NEW YORK — AT&T Corp., the largest U.S. long-distance phone company, is starting a low-cost Internet service for $4.95 a month to compete with free online-access companies such as NetZero Inc.
AT&T said it can afford to charge about $15 less a month than it does for its standard WorldNet Internet plan because the new service will be subsidized by advertising.
Companies such as NetZero, based in Westlake Village, Calif., also require that customers view ads on their computers in exchange for access.
Free Web services have gained millions of customers in the U.S. during the last year as consumers opt to view advertising rather than spend as much as $22 a month for online services such as America Online Inc. AT&T is hoping to woo those consumers who don't want to pay much, yet want a service that's reliable and customer-friendly.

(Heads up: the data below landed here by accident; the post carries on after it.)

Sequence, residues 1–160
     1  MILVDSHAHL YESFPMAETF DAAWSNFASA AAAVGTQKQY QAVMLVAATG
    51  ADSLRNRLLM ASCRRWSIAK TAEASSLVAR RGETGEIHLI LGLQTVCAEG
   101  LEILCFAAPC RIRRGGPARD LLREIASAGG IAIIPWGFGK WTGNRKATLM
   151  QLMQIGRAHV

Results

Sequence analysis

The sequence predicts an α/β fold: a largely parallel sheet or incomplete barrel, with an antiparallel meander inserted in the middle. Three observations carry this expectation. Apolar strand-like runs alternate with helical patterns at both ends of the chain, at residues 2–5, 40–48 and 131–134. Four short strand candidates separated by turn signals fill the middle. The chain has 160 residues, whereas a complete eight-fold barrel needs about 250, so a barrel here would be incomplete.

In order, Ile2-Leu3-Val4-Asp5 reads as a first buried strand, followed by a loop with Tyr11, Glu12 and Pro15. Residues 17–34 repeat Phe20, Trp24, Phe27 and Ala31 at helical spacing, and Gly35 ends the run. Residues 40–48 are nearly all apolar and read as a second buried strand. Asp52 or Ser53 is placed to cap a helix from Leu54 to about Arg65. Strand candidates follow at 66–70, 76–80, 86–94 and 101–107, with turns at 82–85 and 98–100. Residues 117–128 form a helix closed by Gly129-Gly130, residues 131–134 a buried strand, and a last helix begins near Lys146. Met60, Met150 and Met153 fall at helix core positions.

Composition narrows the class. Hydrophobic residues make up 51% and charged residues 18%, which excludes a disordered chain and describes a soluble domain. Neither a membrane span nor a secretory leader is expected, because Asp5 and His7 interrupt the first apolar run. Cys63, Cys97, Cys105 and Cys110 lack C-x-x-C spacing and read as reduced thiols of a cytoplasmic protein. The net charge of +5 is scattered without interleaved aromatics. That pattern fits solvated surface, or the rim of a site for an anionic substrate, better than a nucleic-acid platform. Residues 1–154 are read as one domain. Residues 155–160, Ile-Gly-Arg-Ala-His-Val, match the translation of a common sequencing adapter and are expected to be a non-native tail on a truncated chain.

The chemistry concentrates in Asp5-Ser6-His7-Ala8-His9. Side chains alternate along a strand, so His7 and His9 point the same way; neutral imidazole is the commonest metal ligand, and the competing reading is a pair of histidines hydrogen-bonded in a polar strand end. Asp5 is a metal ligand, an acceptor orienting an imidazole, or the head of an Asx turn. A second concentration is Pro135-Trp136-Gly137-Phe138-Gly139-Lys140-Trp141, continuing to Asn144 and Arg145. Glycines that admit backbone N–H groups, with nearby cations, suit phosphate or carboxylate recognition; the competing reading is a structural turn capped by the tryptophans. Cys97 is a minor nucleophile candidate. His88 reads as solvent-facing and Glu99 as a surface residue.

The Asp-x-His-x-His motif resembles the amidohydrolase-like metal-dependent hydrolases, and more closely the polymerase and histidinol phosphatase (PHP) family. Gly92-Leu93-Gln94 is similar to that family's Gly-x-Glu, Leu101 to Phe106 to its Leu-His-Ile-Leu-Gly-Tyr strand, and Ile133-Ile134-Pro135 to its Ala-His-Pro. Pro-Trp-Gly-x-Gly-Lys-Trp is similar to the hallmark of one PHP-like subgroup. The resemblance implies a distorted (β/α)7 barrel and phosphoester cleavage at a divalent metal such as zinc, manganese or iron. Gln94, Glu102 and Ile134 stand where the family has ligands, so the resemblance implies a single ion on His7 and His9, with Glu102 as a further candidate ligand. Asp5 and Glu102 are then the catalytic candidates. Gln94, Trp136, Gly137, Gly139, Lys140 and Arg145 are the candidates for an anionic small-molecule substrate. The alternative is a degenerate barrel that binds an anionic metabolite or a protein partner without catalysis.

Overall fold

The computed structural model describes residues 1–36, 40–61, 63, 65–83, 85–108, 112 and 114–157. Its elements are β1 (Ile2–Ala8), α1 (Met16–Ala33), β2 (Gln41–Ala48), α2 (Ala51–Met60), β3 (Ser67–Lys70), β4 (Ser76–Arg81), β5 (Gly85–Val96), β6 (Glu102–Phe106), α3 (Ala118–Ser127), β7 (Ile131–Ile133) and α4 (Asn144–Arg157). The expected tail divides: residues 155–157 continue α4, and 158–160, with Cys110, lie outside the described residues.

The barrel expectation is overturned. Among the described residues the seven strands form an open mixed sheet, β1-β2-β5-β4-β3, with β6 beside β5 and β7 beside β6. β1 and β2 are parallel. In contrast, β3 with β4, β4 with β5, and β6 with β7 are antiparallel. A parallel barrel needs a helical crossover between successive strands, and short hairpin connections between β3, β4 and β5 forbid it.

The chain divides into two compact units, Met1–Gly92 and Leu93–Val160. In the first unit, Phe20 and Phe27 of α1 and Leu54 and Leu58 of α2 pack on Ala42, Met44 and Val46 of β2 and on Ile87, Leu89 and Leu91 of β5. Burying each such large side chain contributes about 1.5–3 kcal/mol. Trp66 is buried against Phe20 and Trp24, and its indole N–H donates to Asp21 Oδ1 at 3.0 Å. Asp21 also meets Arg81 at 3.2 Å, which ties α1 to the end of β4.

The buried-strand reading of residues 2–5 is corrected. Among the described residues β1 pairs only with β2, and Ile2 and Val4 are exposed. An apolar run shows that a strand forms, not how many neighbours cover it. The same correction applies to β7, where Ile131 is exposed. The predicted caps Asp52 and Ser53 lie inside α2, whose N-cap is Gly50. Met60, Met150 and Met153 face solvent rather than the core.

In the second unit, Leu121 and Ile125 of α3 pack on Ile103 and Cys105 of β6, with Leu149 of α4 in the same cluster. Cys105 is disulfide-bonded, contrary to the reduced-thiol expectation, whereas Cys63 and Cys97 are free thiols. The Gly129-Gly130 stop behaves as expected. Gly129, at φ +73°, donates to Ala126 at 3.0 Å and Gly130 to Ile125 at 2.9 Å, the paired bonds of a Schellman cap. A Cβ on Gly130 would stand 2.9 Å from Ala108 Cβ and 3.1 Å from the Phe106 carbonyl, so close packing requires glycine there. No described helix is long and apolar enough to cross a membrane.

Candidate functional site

AT&T said its WorldNet service won top ratings from Visual Network's survey of Internet service providers in June and has won several citations from publications such as "PC Magazine." People who sign up for the $4.95 plan will get 150 hours of online access a month, six electronic-mail names, computer space to start a personal Web page, instant messaging and other e-mail services.
AT&T's WorldNet service has about 1.5 million subscribers, according to a spokesman. America Online, the world's largest online service, has more than 23 million subscribers.